Weast Moves Fast in First Test or System Collapses, Butthead Hornhair Fires Everybody

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Weast Moves Fast in First Test

By Brigid Schulte Washington Post Staff Writer Sunday, September 12, 1999; Page C1

On Aug. 2, Jerry Weast made his much-anticipated start as Montgomery County's $300,000 superintendent. That same day, a long-awaited computer system came on line. "Holy mackerel," Weast said, beaming at the possibilities and loudly praising the man responsible with hearty backslaps.

One month later, the vaunted $4 million Student Information System had failed miserably, freezing for hours during the first days of school, refusing to take attendance, eating classes, offering up strange, unintelligible advice before shutting down. Hundreds of high school students lolled near counseling offices or in cafeterias or were sent home because the system could not enroll and schedule them. Principals were frustrated, registrars in tears.

And Sept. 4, the man Weast had hailed, Ronald H. Walsh, once a program manager for International Business Machines Corp. and Lockheed Martin Corp., became the first senior executive fired from the county's public school system in decades. Walsh was told to leave immediately, not allowed to empty his desk and banished from the central administration building.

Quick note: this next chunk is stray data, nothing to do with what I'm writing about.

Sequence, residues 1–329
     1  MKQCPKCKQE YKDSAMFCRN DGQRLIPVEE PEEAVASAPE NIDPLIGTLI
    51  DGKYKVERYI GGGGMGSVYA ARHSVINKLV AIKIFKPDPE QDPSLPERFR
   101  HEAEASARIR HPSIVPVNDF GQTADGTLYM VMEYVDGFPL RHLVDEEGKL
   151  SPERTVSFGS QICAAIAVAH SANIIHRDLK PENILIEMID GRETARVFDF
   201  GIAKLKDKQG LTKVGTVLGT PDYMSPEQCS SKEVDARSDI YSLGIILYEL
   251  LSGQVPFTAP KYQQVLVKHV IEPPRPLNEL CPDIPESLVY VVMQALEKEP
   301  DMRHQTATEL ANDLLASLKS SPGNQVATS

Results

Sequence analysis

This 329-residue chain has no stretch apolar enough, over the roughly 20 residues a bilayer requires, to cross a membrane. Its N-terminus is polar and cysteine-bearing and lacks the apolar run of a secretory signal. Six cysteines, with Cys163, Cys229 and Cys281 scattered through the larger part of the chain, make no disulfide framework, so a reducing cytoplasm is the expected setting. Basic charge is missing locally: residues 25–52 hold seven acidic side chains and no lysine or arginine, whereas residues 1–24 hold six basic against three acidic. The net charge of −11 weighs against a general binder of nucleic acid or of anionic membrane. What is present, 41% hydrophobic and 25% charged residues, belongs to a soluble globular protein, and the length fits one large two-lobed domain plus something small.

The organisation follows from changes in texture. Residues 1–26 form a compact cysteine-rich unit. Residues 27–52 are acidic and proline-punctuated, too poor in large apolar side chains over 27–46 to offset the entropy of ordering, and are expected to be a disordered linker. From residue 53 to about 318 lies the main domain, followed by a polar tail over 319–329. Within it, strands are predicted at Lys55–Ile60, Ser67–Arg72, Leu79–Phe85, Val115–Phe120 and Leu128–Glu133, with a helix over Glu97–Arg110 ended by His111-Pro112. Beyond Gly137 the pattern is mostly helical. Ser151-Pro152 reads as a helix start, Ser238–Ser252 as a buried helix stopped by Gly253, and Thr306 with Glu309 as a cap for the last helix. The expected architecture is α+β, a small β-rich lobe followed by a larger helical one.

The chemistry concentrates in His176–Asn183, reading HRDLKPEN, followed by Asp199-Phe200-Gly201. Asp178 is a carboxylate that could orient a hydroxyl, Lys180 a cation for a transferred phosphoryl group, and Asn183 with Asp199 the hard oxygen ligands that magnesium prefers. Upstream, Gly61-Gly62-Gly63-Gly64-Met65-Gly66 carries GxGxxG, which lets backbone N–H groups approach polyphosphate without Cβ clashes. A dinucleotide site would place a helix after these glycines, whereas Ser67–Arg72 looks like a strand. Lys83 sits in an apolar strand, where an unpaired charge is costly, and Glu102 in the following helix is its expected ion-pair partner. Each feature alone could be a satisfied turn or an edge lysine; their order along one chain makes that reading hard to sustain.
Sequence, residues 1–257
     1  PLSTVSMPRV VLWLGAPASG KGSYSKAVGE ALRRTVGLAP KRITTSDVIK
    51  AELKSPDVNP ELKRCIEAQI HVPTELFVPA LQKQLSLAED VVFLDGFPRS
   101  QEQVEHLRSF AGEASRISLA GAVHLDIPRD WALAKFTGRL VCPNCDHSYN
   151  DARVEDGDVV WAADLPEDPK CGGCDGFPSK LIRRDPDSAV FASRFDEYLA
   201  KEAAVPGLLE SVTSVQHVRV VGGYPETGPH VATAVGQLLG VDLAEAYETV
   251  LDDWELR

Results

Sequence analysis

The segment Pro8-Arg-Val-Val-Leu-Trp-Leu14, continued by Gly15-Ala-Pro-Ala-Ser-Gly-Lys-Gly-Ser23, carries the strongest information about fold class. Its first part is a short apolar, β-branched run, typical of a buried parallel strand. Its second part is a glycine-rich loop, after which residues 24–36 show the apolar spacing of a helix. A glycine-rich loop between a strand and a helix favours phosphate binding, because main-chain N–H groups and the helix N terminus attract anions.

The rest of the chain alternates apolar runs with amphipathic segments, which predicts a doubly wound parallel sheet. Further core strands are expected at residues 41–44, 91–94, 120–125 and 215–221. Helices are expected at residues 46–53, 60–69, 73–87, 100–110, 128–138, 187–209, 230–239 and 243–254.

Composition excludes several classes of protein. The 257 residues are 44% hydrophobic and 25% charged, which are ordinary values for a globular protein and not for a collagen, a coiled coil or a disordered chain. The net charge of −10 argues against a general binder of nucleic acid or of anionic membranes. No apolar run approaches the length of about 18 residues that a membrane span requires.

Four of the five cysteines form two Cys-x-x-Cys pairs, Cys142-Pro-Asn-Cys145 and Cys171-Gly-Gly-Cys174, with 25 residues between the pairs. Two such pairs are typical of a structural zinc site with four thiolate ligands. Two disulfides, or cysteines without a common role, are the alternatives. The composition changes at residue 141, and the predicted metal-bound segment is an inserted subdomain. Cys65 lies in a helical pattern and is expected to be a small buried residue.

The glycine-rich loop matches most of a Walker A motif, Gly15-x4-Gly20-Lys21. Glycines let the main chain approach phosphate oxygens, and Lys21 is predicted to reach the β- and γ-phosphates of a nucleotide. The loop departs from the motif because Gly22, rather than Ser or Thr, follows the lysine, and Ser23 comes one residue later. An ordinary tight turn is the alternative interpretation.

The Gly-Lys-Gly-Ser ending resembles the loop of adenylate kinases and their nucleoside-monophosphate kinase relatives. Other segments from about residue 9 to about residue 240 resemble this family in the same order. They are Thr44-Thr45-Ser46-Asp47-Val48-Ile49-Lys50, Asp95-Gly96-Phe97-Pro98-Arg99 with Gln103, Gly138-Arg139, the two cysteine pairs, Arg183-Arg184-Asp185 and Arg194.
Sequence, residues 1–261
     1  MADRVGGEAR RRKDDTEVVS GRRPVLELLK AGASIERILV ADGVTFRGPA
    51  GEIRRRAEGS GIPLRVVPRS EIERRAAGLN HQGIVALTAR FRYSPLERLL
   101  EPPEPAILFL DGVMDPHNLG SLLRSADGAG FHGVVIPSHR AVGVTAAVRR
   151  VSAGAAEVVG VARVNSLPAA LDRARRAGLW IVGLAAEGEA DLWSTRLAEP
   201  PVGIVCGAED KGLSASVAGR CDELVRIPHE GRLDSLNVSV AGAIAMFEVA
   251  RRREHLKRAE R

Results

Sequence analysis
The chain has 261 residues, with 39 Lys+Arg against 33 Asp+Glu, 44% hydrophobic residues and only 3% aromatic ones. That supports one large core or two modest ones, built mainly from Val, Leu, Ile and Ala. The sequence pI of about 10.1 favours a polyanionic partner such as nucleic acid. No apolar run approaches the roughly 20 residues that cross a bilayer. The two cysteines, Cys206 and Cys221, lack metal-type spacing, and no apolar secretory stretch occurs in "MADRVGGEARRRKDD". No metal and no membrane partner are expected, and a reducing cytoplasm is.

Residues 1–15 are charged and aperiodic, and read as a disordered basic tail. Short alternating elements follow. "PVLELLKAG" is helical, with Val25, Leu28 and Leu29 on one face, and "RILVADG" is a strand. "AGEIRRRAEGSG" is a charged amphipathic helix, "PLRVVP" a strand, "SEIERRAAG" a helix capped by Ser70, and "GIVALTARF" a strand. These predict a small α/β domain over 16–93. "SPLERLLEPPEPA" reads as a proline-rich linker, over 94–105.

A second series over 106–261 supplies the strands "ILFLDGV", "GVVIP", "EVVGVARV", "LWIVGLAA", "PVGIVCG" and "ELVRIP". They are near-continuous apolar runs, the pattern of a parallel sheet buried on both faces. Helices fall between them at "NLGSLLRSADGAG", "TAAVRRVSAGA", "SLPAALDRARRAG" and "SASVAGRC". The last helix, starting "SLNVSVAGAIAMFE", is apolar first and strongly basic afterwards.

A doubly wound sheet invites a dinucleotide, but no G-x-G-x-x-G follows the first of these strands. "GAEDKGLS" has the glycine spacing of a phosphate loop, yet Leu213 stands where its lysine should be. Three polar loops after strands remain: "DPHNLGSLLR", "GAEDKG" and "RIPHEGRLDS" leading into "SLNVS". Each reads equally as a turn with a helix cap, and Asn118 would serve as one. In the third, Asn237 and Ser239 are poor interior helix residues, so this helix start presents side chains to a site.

The system collapse was the first critical test of Weast, who has promised to make gains in student achievement and shake the dust from a system that some believe had become complacent.

It was clear two cultures were clashing badly; the techno world, where system lags and crashes are almost expected, and the very human world of harried staff, angry parents and anxious, bored students slumped in hallways. Weast could not tolerate this.

All eyes were watching as he handled this embarrassing crucible. Some whispered politics, fall guy and grandstanding by a high-priced, untested leader. Others were clearly impressed and powerfully aware that Weast meant business. Now.

"This was a shot across the bow from the superintendent that he expects a certain level of performance," said Board of Education member Mona M. Signer (Rockville-Potomac). "And if people don't meet it, they will find they don't have a place here."

General Patton had arrived.

WEDNESDAY, SEPT. 1: As the county's 189 schools opened and 131,000 students poured in, Weast and other senior staff visited schools, greeting students, hobnobbing with teachers and checking on the new computer system.

The system is designed to replace a clunky, ancient one, circa 1975, that was about to expire, reading the year 2000 as the year 1900. Using the latest software and a powerful database, the new system would track virtually every piece of information about a student--grades, attendance, gender, schedules, test scores, even what clubs they belong to--from prekindergarten through adult education. It would hold 14 million pieces of data.